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Will Silicon Save Quantum Computing?

Silicon has become a leading contender in the hunt for a practical, scalable quantum bit

19 min read
Will Silicon Save Quantum Computing?
Illustration: Bryan Christie Design

Grand engineering challenges often require an epic level of patience. That’s certainly true for quantum computing. For a good 20 years now, we’ve known that quantum computers could, in principle, be staggeringly powerful, taking just a few minutes to work out problems that would take an ordinary computer longer than the age of the universe to solve. But the effort to build such machines has barely crossed the starting line. In fact, we’re still trying to identify the best materials for the job.

Today, the leading contenders are all quite exotic: There are superconducting circuits printed from materials such as aluminum and cooled to one-hundredth of a degree above absolute zero, floating ions that are made to hover above chips and are interrogated with lasers, and atoms such as nitrogen trapped in diamond matrices.

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The World’s Largest Camera Is Nearly Complete

The future heart of the Vera C. Rubin Observatory will soon make its way to Chile

3 min read
A large black cylinder with a glass lens in front rests on a sturdy white structure in a bright room.

The LSST camera, eventually bound for the Vera C. Rubin Observatory in Chile, sits on its stand in a Bay Area clean room.

Jacqueline Ramseyer Orrell/SLAC National Accelerator Laboratory

The world’s largest camera sits within a nondescript industrial building in the hills above San Francisco Bay.

If all goes well, this camera will one day fit into the heart of the future Vera C. Rubin Observatory in Chile. For the last seven years, engineers have been crafting the camera in a clean room at the SLAC National Accelerator Laboratory in Menlo Park, Calif. In May 2023, if all goes according to plan, the camera will finally fly to its destination, itself currently under construction in the desert highlands of northern Chile.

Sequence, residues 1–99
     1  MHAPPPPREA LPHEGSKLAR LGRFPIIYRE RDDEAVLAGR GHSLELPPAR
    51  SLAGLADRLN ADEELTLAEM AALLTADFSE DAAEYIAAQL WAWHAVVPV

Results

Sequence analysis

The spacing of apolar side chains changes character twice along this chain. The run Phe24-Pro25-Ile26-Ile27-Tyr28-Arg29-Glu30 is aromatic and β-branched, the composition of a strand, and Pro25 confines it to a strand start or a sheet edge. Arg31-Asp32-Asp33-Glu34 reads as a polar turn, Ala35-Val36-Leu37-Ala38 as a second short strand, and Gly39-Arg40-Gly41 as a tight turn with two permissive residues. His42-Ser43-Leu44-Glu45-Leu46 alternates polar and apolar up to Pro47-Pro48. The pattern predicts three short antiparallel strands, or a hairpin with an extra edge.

Building a camera as complex as this requires a good deal of patience, testing, and careful engineering. The road to that flight has been long, and there’s still some way to go before the end is in sight.

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Lab Revisits the Task of Putting Common Sense in AI

New nonprofit Basis hopes to model human reasoning to inform science and public policy

5 min read
ai hand and human hand touching pointer fingers
iStock

The field of artificial intelligence has embraced deep learning—in which algorithms find patterns in big data sets—after moving on from earlier systems that more explicitly modeled human reasoning. But deep learning has its flaws: AI models often show a lack of common sense, for example. A new nonprofit, Basis, hopes to build software tools that advance the earlier method of modeling human reasoning, and then apply that method toward pressing problems in scientific discovery and public policy.

To date, Basis has received a government grant and a donation of a few million dollars. Advisors include Rui Costa, a neuroscientist who heads the Allen Institute in Seattle, and Anthony Philippakis, the chief data officer of the Broad Institute in Cambridge, Mass. In July, over tacos at the International Conference on Machine Intelligence, I spoke with Zenna Tavares, a Basis cofounder, and Sam Witty, a Basis research scientist, about human intelligence, problems with academia, and trash collection. The following transcript has been edited for brevity and clarity.

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Modeling Thermal Management Systems for Electronics

Learn how to model conjugate heat transfer in electronic devices with COMSOL Multiphysics

1 min read
Comsol

The ability to dissipate heat is one of the most important features of modern electronic devices and is usually a limiting factor in the miniaturization of these devices.

COMSOL Multiphysics includes functionality for heat transfer through conduction, convection, and radiation. Its ability to treat conjugate heat transfer, including laminar and turbulent flow as well as surface-to-surface radiation, has proven to be of great importance for the design and optimization of thermal management systems in electronics. Its multiphysics modeling capabilities also enable the study of thermoelectric effects as well as thermal–structural effects, such as thermal expansion.

In this webinar, we will demonstrate how to create models and apps for conjugate heat transfer in electronic devices. We will also give a general overview of the software’s capabilities for multiphysics modeling, including heat transfer as one of the modeled phenomena.

Register now for this free webinar!

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